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U.S. (2-0) 103, Spain (1-1) 63
U.S. next game: vs. Serbia, Wednesday, Aug. 10
Spain next game: vs. China, Wednesday, Aug. 10
U.S. women’s basketball team head coach Geno Auriemma appreciated what he’d seen during Sunday’s record-setting annihilation of Senegal to open group play at the 2016 Summer Olympics in Rio de Janeiro. But he knew that choppier waters were likely to lie ahead.
“When you have this many good players and they’re really unselfish and they want to share the ball — and we’ve got a lot of great offensive players — every time someone touches the ball, something good’s going to happen,” Auriemma told NBC’s Kerith Burke on Monday. “It’s not going to be that easy from here on in.”
Sure enough, Auriemma was proven right on Monday, as a game opponent in Spain looked to take the fight straight to the heavily favored American women with dribble penetration, 3-point shooting and physical defense that helped stake the Spaniards to an early 8-6 lead. Before long, though, the U.S. rediscovered their shot-making rhythm and paired it with aggressive, opportunistic defense to rip off a 23-6 run that blew the game open. Spain continued to battle, but couldn’t get back within striking distance, or even stay within hailing distance, as the U.S. cruised to a 103-63 victory.
Five U.S. players scored in double figures, led by Diana Taurasi’s 13 points, in the win, which improved Team USA to 2-0 in group play and extended its Olympic winning streak to 43 games. The only American woman not to score was 37-year-old WNBA legend Tamika Catchings, who didn’t make her first appearance until midway through the third quarter, after the game was well in hand; every other player notched at least six points in a contest that became a blowout after intermission.
It wasn’t the crispest start for the U.S., as several players opened the game without the Midas touch they displayed against Senegal; Tina Charles, for instance, missed three straight layup tries on one early possession. But the inside-out duo of Brittney Griner (10 points on 5-for-6 shooting) and Taurasi (13 points, 3-for-7 from 3-point land) combined with a spark off the bench from reigning WNBA Most Valuable Player Elena Delle Donne (12 points, four rebounds, one assist, one block) to kick-start the late first-quarter run that tilted the game.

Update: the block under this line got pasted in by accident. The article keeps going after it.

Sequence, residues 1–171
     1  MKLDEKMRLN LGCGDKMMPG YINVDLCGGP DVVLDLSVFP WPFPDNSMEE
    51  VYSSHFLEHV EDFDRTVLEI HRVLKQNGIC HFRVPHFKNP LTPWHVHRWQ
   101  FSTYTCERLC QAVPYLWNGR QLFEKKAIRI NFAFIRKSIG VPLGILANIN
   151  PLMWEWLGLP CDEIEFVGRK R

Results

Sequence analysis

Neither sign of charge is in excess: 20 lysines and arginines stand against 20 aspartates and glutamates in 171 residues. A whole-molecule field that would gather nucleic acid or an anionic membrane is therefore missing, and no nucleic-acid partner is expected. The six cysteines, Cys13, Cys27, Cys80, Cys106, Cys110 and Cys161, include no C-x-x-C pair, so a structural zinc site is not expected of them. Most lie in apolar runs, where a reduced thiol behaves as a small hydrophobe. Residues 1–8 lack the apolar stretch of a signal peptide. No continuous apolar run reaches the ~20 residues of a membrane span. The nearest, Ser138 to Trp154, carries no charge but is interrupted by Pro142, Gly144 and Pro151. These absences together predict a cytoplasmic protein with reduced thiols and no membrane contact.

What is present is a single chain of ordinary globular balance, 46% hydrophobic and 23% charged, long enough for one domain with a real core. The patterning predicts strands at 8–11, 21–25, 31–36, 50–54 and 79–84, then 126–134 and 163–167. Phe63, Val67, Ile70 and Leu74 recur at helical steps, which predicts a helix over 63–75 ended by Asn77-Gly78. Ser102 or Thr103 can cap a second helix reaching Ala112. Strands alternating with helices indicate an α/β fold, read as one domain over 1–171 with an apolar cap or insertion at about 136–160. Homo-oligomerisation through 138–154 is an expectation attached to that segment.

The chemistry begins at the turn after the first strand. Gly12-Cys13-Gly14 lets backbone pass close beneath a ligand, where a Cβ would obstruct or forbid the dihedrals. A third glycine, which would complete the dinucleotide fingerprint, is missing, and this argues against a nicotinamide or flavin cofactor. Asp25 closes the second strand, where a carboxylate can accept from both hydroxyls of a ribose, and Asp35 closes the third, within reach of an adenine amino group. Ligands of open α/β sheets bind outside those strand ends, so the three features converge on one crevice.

Spanish guard Alba Torrens, a two-time FIBA Europe Women’s Player of the Year and Euroleague Finals MVP who plays professionally in Russia, carried the offensive load for her side, finishing with a game-high 20 points on 6-for-13 shooting. As the game wore on, though, Team USA’s superior overall quality became apparent.
Sharp ball movement led by Taurasi and point guards Sue Bird (nine points, five rebounds, five assists) and Lindsay Whalen (six points, three rebounds, two assists, two steals) created a bevy of open looks, as the U.S. shot 55 percent from the floor with 23 assists on 41 made baskets. On the other end, the combined length, foot speed and versatility of the American defenders impeded Spain’s passing lanes, choked off their options and stifled their attempts to score on the interior, resulting in 23 Spanish turnovers and woeful 16-for-51 shooting inside the arc for Lucas Mondelo’s club.
The U.S. shot just 5-for-16 from long distance and committed 12 turnovers of their own. There were some missed boxouts that allowed Spain to snag 14 offensive rebounds and some blown defensive communications that resulted in backdoor cuts for easy layups. There’s some stuff to clean up before Wednesday afternoon’s clash with Serbia; it wasn’t a perfect performance. All told, though, the main takeaway from Team USA’s meeting with the No. 3-ranked team in the world seemed to be that while things won’t always be as easy as they were against Senegal for the U.S. women, there might just be too much talent on hand for things to get much harder.
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